Assuming that the rifle is empty ....
A light touch with bronze or brass wool and CLP is a excellent start to removing rusk from the metal.
I would only remove the "active" rust and not try to remove any patina or browning.
Andy
 
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Gunsmith Mark Novak boils the rusty firearm for an hour or so and then uses a true carding wheel which is made up of super fine wires.


Figures...
I go away for a weekend camp out with archery and muzzle loading rifles...and someone posts a neat gun find...:D

As noted above by @Mark W. there are replicas of the Wesson rifle to be found.
These replicas are around 40 -50 years old now and may show age / wear / and the like , much like what is seen on your rifle.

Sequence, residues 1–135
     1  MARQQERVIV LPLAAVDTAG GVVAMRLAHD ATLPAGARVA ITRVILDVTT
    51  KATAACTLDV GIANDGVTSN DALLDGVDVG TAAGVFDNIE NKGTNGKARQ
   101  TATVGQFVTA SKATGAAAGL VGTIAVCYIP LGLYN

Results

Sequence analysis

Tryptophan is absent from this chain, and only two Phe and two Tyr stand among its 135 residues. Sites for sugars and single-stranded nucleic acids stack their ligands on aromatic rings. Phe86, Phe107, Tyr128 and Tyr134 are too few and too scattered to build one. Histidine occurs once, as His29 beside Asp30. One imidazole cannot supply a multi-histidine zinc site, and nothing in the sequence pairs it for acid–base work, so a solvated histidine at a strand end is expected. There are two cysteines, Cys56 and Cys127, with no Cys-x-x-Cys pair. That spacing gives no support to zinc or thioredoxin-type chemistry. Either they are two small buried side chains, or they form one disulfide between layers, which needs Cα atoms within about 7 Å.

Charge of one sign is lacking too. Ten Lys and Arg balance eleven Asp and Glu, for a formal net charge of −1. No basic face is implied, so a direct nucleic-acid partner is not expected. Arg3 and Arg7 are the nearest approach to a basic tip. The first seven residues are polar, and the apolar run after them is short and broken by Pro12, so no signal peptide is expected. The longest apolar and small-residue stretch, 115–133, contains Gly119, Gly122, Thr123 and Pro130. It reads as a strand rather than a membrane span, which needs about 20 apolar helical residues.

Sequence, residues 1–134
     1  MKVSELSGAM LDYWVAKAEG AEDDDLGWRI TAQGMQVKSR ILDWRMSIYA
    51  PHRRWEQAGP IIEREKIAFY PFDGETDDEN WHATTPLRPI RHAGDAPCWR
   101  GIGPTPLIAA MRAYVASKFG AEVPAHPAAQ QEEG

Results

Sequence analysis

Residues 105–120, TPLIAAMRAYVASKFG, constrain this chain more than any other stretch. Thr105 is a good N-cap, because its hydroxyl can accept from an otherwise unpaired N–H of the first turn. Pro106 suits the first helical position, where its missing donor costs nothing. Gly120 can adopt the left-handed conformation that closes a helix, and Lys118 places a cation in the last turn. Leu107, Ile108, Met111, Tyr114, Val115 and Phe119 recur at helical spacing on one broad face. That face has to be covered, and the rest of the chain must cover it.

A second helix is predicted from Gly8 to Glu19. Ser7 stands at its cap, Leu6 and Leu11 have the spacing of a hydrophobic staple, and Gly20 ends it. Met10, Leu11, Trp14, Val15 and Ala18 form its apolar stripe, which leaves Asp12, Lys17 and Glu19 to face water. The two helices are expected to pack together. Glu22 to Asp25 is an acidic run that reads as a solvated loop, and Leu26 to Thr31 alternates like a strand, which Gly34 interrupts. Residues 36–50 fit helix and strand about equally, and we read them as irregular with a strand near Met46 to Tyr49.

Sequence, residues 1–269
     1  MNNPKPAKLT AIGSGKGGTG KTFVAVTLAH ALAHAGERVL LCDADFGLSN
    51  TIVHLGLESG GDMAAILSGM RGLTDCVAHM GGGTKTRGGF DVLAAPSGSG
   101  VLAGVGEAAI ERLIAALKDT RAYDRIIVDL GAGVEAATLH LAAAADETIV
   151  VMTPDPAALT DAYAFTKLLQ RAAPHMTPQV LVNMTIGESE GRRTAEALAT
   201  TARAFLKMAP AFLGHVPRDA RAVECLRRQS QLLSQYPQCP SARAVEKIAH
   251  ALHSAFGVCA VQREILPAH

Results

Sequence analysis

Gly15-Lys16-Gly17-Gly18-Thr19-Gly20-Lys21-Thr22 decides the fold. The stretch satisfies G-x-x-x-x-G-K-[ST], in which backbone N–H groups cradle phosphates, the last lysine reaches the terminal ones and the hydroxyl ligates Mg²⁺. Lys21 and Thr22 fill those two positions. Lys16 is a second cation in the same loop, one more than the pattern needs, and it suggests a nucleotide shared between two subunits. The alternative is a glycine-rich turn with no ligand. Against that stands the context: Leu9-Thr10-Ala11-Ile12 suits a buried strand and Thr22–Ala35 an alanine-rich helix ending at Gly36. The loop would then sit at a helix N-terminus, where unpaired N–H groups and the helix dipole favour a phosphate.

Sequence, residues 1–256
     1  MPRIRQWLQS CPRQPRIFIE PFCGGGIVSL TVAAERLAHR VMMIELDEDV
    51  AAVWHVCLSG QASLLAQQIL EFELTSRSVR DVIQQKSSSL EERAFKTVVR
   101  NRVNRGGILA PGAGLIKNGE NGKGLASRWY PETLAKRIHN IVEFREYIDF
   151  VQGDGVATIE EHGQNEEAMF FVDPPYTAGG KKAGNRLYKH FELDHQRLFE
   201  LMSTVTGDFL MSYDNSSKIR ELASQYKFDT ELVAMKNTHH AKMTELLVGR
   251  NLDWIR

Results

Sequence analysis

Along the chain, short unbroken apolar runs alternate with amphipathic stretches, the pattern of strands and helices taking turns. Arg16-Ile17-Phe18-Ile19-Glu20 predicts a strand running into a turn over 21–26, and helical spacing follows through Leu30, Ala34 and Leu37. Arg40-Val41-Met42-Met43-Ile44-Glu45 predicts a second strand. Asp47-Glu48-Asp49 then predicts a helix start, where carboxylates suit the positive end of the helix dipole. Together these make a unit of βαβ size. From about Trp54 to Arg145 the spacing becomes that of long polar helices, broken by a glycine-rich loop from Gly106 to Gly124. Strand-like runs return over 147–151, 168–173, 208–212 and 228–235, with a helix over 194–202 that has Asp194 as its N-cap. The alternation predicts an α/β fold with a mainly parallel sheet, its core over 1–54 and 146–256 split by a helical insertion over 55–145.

Please note that I am not saying that your rifle is indeed a replica...just something to consider here.

As for cleaning it....
Make sure that it is empty.
With the rifle pointed in safe direction , cock the hammer and check to see if there is a cap on the nipple.
( You won't have to full or half cock to check )
Then remove the ram rod and drop it down the bore..if empty...you should hear a metallic "clink"...if loaded the sound will be a dull "thunk"

Assuming that the rifle is empty ....
A light touch with bronze or brass wool and CLP is a excellent start to removing rusk from the metal.
I would only remove the "active" rust and not try to remove any patina or browning.
Andy
Thanks for the info Andy ..... I took it over to Mark W. house today for him to look at , and we pretty much decided that it was an early Repro . I don't have the want to clean it up , so going to try to find a new home for it with someone else , as a Wall Hanger , or for someone to try to clean up . Just need to figure out a fair price on it . Don't think its worth much ..... THANKS again .... Doug